- Abbott has presented updated data on its treatment for premature infants with a heart defect, revealing that 95.5% of patients were alive after three years.
- The device, Amplatzer Piccolo Occluder, won Food and Drug Administration approval in 2019 and was linked to a 95.5% implant success rate in the first release of clinical trial data in 2020.
- Abbott’s follow-up data shows the self-expanding, wire mesh device delivers positive long-term outcomes, giving the company additional evidence to point to as it seeks to position the product as an alternative to medical management or surgical ligation.
The heart defect, patent ductus arteriosus, makes it hard for babies to breathe normally and is found in up to 50% of premature babies and more than 80% of severely premature babies weighing less than 2.2 pounds at birth. Prior to the development of Piccolo, physicians either provided medical management to give the defect time to heal or performed surgery. Transcatheter closure was reserved for larger infants.
In a statement, Evan Zahn, director of the Guerin Family Congenital Heart Program at Cedars-Sinai Medical Center, said many patients with the defect “require urgent treatment to survive but aren't responding to medical management and are at high risk for surgery.”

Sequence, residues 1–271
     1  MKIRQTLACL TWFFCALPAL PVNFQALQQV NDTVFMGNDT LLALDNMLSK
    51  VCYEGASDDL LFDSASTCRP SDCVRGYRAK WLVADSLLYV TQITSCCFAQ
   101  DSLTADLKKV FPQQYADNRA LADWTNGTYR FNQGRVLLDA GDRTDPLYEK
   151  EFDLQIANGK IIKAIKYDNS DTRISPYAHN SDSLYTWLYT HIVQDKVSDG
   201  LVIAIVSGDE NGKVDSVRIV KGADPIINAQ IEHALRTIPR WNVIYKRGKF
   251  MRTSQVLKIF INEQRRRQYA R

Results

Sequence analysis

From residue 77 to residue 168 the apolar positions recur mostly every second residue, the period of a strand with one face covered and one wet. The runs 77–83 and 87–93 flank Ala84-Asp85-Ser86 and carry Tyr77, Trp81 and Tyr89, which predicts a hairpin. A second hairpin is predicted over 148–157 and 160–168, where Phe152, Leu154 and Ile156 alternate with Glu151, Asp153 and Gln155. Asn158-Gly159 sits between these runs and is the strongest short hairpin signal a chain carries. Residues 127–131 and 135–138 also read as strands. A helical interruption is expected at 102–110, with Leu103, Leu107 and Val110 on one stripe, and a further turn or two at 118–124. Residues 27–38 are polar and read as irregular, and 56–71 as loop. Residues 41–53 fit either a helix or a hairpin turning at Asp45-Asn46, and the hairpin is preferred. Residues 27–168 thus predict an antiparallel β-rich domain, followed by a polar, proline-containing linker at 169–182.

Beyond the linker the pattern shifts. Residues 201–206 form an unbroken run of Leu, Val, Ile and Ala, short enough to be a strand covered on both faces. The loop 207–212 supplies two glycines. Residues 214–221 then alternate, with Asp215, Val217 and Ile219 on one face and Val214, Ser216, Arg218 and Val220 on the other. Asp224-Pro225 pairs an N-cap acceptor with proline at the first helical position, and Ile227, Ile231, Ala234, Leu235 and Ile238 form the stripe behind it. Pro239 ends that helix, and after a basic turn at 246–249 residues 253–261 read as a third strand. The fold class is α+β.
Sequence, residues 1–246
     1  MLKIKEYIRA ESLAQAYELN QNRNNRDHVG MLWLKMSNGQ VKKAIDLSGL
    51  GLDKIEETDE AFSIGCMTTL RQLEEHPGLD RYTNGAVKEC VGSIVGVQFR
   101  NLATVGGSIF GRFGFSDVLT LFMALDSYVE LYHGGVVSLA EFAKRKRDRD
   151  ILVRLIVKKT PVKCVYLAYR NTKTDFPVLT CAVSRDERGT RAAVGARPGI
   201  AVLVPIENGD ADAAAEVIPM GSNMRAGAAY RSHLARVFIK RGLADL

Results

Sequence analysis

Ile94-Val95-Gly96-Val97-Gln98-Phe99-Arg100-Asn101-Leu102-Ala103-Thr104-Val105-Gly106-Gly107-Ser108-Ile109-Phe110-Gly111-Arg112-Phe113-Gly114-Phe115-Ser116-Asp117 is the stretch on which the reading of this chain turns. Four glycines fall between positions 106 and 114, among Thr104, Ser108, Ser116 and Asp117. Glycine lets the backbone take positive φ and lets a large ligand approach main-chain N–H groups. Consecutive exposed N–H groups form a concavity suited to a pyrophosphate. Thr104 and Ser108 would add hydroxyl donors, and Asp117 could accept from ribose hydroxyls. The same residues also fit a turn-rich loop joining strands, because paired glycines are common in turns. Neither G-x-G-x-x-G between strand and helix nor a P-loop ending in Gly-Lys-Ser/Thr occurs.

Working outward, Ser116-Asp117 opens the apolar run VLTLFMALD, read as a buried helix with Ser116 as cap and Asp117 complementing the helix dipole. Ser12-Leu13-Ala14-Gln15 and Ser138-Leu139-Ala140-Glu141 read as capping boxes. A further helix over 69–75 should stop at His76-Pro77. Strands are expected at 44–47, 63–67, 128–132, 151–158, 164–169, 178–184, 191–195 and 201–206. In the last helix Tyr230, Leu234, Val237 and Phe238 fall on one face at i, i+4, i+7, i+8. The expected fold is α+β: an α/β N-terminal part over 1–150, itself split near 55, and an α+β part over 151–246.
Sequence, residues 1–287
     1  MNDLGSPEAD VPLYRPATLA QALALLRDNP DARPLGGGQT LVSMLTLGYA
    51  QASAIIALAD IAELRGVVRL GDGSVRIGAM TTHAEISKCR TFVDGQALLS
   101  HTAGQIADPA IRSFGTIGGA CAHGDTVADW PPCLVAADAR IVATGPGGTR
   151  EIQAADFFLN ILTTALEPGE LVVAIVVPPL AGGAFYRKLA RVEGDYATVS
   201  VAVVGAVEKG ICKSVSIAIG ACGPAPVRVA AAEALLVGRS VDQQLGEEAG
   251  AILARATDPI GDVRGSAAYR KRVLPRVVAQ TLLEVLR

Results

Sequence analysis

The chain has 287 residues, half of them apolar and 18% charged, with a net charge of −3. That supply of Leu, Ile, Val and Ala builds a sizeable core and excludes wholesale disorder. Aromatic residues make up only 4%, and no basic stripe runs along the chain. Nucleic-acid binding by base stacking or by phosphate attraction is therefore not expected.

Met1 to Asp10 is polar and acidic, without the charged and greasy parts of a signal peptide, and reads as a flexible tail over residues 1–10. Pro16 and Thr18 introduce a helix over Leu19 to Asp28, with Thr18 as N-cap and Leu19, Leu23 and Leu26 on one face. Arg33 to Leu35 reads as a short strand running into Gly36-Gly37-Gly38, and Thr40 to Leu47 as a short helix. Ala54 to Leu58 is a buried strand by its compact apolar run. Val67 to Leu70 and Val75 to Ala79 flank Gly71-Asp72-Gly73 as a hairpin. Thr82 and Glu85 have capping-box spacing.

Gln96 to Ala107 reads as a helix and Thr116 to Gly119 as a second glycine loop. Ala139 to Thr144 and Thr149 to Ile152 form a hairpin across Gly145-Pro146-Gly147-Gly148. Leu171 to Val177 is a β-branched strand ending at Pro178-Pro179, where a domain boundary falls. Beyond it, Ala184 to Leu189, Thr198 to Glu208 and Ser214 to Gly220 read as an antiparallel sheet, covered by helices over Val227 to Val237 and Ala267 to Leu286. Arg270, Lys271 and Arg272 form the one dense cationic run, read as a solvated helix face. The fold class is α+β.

Abbott’s 95.5% implant success rate suggested Piccolo may be a better option in some patients, but it previously lacked data on longer-term patient outcomes. The company used the Pediatric and Congenital Interventional Cardiovascular Society Symposium to address that gap in the evidence.
In addition to the 95.5% three-year survival data and absence of procedure-related deaths, Abbott reported a 2% rate of serious adverse events. No patients suffered device-related events one year or more after implantation.
The device, which is smaller than a pea, is inserted through an incision in the leg and guided through the blood vessels to the heart. Upon reaching the heart, the device is released to seal the defect and thereby enable blood to flow properly.